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Scouring the Sahara


Words and pictures by Patrick Cruywagen

Our Bush Editor, riding high in one of Kingsley Holgate’s Defender 130s, completes the second half of his not-so-touristy trip through deepest Africa, and comes away with a dusty pocketful of stories to tell.

We’d arrived in Chad’s capital city of N’Djamena in the dark and so had no idea of what to expect at sunrise, but what we could see were a large number of soldiers.
Land Cruiser pick-ups seem to be the ride of choice for the military as well as rebels, which makes for even fights… They usually have some sort of heavy gun mounted on the back plus as many soldiers / rebels and as much ammunition as possible.
After our one big night in N’Djamena it was time to move on from our comfortable house with the white sheets, full pantry, imported coffee and a generator so big it could power every single one of Bloemfontein’s streetlights. American diplomatic personnel sure know how to rough it…
Gert du Preez, our friend from the SA diplomatic corps, showed us where to purchase some ice and fresh produce before putting us on the right road towards Lake Chad and the Niger border. We’d been warned not to take any pictures in the city, but I did try to sneak a few on the move as we hastily made our way into the desert.

Scouring the Sahara

This was to be a very different experience to Cameroon with its red mud roads and evergreen scenery. In Cameroon, Samuel Eto soccer jerseys and western-style clothing dominated, but here it was more traditional. Men wore turban-like headgear known locally as tagiya and long robes or jalabiyas, and for the ladies it was wraps, or, as the locals call them, rabott or pagne, which cover both halves. Ladies of the Muslim faith were covered from head to toe – all you could see were their eyes.
The landscape had a similar look and feel to the pans in Botswana during the middle of a summer heat wave. It was white and dusty which made us dirty and thirsty. It was that dry heat that seems to slow down your movements and make you look for the closest shade so that you can rest a bit. This is how we’d be rolling for the next couple of days as we headed west.
Most people who travel from the capital city to see Lake Chad first go to Douguia on the banks of the Cheri River. Then, if bored with the hotel pool and river, they go on to a remote village called Guete which lies on the lake’s southern shores. We didn’t fancy the sight of French soldiers in Speedos so instead headed for the town of Massokry which lies to the east of the lake. It was also here that Chad runs out of tar, making it the last stop for the old yellow Peugeot 504 taxis.

Scouring the Sahara

The subsequent transport gap is plugged by the classic workhorse of the desert, the Land Cruiser BJ40 or 45. What I would see these vehicles doing over the next couple of days was nothing short of remarkable, or perhaps crazy.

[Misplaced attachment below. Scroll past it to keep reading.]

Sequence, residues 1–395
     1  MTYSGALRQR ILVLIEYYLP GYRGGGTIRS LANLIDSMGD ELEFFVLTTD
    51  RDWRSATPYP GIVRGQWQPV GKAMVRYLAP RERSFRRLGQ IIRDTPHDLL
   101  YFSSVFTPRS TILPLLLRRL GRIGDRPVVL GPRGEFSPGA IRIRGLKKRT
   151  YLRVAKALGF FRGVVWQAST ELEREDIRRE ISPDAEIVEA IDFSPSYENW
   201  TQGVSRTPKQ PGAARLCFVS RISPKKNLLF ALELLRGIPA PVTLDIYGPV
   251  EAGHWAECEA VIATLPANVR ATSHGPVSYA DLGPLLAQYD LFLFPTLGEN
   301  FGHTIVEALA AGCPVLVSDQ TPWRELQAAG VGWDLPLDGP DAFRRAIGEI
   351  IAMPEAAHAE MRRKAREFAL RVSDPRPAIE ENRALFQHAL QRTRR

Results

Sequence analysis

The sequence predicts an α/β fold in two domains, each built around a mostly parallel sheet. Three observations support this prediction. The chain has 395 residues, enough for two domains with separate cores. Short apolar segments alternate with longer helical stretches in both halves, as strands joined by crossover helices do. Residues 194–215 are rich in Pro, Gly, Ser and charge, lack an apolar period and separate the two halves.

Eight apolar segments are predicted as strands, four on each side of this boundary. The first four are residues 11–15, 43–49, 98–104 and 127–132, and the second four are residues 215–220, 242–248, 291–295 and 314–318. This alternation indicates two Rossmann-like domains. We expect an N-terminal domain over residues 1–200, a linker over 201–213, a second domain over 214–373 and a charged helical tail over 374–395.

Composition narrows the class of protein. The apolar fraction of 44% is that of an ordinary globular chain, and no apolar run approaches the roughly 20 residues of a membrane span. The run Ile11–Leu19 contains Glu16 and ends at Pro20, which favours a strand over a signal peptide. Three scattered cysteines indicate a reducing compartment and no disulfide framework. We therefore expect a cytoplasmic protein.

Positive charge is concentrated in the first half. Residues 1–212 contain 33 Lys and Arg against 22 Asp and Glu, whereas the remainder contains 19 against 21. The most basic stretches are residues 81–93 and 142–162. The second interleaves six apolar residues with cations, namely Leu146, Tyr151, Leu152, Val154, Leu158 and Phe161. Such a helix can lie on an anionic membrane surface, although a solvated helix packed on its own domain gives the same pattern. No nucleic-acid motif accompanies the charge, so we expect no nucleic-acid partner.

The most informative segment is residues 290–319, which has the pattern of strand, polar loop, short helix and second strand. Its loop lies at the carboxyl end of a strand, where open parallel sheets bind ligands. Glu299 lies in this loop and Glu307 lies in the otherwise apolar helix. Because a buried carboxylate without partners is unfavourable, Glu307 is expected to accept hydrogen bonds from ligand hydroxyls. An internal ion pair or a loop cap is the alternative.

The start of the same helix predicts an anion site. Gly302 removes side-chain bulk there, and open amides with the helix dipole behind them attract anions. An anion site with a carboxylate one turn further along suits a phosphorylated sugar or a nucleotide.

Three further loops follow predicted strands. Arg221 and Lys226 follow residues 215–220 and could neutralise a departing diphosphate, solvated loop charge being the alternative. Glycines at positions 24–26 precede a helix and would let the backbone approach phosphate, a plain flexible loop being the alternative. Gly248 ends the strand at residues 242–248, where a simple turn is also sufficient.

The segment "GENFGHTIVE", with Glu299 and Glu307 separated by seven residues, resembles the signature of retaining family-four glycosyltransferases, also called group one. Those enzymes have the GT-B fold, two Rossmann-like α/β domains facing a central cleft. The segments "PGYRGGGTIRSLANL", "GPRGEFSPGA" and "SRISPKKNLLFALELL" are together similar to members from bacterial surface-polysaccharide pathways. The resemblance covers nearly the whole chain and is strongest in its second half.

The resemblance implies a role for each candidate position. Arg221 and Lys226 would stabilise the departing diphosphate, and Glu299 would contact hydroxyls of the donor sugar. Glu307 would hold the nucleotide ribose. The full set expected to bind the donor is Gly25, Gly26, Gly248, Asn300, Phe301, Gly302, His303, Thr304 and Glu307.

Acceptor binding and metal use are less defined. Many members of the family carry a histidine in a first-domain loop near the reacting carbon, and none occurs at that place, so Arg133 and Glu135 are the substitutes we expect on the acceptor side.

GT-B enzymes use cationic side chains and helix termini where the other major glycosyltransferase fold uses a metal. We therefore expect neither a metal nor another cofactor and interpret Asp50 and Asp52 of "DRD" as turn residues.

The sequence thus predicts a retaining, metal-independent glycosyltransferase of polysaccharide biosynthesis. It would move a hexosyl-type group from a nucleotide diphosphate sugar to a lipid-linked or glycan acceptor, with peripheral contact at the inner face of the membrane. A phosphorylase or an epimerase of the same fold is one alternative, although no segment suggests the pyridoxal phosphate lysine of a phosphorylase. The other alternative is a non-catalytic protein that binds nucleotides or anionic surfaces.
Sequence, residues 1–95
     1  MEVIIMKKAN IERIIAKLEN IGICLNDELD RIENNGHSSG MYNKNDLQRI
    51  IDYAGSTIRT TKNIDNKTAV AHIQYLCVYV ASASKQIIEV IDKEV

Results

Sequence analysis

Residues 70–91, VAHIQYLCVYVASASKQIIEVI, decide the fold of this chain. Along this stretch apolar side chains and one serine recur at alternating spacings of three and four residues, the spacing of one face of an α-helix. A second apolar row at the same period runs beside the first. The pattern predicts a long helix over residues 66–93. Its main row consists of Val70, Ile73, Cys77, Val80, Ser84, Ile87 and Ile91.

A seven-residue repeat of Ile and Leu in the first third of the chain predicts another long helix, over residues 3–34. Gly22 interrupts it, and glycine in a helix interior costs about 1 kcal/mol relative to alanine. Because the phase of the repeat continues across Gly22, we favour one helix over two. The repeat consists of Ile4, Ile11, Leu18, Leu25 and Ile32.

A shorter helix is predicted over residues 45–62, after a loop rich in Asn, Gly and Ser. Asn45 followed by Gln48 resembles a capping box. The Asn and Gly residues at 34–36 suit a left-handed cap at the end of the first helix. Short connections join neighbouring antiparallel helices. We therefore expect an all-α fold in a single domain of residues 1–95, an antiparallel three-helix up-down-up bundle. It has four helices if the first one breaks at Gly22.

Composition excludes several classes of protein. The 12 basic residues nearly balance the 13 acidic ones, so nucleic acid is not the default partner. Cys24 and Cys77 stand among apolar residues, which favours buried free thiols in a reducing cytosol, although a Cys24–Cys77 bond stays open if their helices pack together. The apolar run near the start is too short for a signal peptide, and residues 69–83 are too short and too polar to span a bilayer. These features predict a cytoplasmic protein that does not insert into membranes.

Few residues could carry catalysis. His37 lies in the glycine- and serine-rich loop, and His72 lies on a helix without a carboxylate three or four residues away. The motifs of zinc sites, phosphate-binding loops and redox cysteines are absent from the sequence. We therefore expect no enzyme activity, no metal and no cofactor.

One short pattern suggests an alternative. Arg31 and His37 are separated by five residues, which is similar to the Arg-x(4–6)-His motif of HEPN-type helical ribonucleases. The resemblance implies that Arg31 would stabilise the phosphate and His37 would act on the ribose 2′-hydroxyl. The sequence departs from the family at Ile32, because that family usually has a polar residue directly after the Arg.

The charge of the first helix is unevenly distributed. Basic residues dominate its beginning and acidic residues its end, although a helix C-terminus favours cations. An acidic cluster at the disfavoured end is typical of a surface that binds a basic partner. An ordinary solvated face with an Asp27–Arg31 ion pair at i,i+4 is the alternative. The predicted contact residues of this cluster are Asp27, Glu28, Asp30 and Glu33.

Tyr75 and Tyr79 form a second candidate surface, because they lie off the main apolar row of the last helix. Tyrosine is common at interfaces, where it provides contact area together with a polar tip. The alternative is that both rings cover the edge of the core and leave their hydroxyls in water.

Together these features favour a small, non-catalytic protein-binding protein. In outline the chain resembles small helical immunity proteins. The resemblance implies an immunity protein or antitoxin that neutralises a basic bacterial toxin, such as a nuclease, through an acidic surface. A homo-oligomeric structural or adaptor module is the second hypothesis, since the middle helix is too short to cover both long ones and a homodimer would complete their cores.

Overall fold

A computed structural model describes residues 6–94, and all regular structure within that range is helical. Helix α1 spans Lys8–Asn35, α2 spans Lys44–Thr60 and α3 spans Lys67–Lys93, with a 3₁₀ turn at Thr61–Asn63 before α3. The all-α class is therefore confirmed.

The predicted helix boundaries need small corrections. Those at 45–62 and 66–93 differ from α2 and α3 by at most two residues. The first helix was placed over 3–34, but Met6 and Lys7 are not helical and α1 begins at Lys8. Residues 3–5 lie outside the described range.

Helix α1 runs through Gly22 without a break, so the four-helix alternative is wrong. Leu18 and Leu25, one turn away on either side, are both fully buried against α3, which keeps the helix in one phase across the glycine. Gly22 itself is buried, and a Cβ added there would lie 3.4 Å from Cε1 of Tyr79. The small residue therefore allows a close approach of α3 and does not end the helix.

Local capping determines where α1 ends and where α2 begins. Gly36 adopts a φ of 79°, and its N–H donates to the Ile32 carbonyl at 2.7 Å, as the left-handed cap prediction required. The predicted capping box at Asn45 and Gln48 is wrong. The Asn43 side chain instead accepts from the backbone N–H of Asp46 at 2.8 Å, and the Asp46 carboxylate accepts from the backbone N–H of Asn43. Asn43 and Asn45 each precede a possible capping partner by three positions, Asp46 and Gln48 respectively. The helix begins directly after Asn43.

Firstly the load box is filled beyond capacity; it’s filled until the cargo sticks out above the Cruiser like a termite mound. Then more people than you thought possible find positions on top of this mound of cargo. Allah alone knows what these people hang onto. Then, as if that wasn’t enough, several more people sit on the cab’s roof. If you look at such a vehicle as it approaches you, you’ll notice that the guy sitting furthest to the left on the cab roof has to slightly open his legs so the driver can see where he’s going.
When we reached a village where one of these kamikaze taxis had stopped I took a good look at the passengers climbing off the heap of cargo. I then realised why they wear white robes; it’s so the white dust from the road doesn’t show. As for their faces, well, the white definitely showed up there.
A long, long time ago Lake Chad was one of the largest freshwater lakes on the planet, today it’s slowly drying up. During the terrible droughts of ’84 it dried up completely. It was late evening when we arrived in the town of Bol, which a small sliver of the lake reaches all year round. We won’t reach Niger without a refuel and so we buy 20 litres of diesel from one of these street-side sellers. We spend a few minutes watching some young ladies doing washing in the lake while behind them the sun slips into the lake.
We can’t sleep here as there are way too many people about and we’ve been warned to take care in these parts, so we drive off into the darkness. After an hour we see a pan a little way off the road. It’s the perfect place to rest our travel-weary heads, so we collect some wood and after 10 minutes we have a roaring fi re to cook on. Once again no-one bothers us during the night, but we do hear the rumbling sound of one or two vehicles that are pushing on through the night. Maybe it’s some of the guys we saw broken down earlier on.
Scouring the SaharaOnce back on the road the next day we’re met by caravans of heavily-laden camels. We think they’ve come from Libya in the north where their riders buy goods to trade back in Niger. Today will hopefully be our last day in Chad if we make good time, but there are so many tracks to choose from that at times we fi nd ourselves heading too far east, heading towards Nigeria instead of Niger.
On one occasion we stop to ask a gentleman on a camel if we’re going towards Niger or Nigeria. Imagine driving around Europe and stopping on the motorway to ask someone if you are heading towards Sweden or Scotland… that’s how silly we felt.
The one constant out in these remote parts was the cellphone signal; you could be lost or driving around aimlessly or bashing through the bushes but still have perfect signal.
Kingsley had warned us that the level of the lake had risen during his drive through here the previous month. With so many tracks to choose from we found ourselves literally driving into the lake at one stage. To attempt a drive through such a large body of water with no backup was not an option and so we went bundu-bashing to the east to find another road.